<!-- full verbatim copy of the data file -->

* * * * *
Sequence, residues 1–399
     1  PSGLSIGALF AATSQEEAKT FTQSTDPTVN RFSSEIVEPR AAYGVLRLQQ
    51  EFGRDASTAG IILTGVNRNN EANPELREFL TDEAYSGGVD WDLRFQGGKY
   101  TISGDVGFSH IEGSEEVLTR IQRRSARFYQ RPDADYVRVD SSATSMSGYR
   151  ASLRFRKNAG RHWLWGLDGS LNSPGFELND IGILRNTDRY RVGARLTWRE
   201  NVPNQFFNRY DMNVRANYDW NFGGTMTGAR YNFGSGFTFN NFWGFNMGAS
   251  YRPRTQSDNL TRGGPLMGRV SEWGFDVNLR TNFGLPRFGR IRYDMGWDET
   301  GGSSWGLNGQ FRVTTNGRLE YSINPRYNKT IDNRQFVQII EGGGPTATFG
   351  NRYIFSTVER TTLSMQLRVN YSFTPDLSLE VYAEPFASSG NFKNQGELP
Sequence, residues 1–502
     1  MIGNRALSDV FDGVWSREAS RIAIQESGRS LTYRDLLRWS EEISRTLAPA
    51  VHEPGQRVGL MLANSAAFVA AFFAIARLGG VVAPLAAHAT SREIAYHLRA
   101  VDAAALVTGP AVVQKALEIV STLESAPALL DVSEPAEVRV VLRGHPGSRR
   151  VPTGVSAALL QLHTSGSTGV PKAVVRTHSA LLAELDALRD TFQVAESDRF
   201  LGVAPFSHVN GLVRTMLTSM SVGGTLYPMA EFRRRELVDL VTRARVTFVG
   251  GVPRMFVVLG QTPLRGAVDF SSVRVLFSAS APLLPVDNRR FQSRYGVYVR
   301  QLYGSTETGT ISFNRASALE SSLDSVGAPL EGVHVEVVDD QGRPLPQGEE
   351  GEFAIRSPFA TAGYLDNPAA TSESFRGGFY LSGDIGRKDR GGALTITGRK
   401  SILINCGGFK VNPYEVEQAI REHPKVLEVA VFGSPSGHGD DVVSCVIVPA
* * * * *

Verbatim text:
Sequence, residues 1–399
     1  PSGLSIGALF AATSQEEAKT FTQSTDPTVN RFSSEIVEPR AAYGVLRLQQ
    51  EFGRDASTAG IILTGVNRNN EANPELREFL TDEAYSGGVD WDLRFQGGKY
   101  TISGDVGFSH IEGSEEVLTR IQRRSARFYQ RPDADYVRVD SSATSMSGYR
   151  ASLRFRKNAG RHWLWGLDGS LNSPGFELND IGILRNTDRY RVGARLTWRE
   201  NVPNQFFNRY DMNVRANYDW NFGGTMTGAR YNFGSGFTFN NFWGFNMGAS
   251  YRPRTQSDNL TRGGPLMGRV SEWGFDVNLR TNFGLPRFGR IRYDMGWDET
   301  GGSSWGLNGQ FRVTTNGRLE YSINPRYNKT IDNRQFVQII EGGGPTATFG
   351  NRYIFSTVER TTLSMQLRVN YSFTPDLSLE VYAEPFASSG NFKNQGELP
Sequence, residues 1–502
     1  MIGNRALSDV FDGVWSREAS RIAIQESGRS LTYRDLLRWS EEISRTLAPA
    51  VHEPGQRVGL MLANSAAFVA AFFAIARLGG VVAPLAAHAT SREIAYHLRA
   101  VDAAALVTGP AVVQKALEIV STLESAPALL DVSEPAEVRV VLRGHPGSRR
   151  VPTGVSAALL QLHTSGSTGV PKAVVRTHSA LLAELDALRD TFQVAESDRF
   201  LGVAPFSHVN GLVRTMLTSM SVGGTLYPMA EFRRRELVDL VTRARVTFVG
   251  GVPRMFVVLG QTPLRGAVDF SSVRVLFSAS APLLPVDNRR FQSRYGVYVR
   301  QLYGSTETGT ISFNRASALE SSLDSVGAPL EGVHVEVVDD QGRPLPQGEE
   351  GEFAIRSPFA TAGYLDNPAA TSESFRGGFY LSGDIGRKDR GGALTITGRK
   401  SILINCGGFK VNPYEVEQAI REHPKVLEVA VFGSPSGHGD DVVSCVIVPA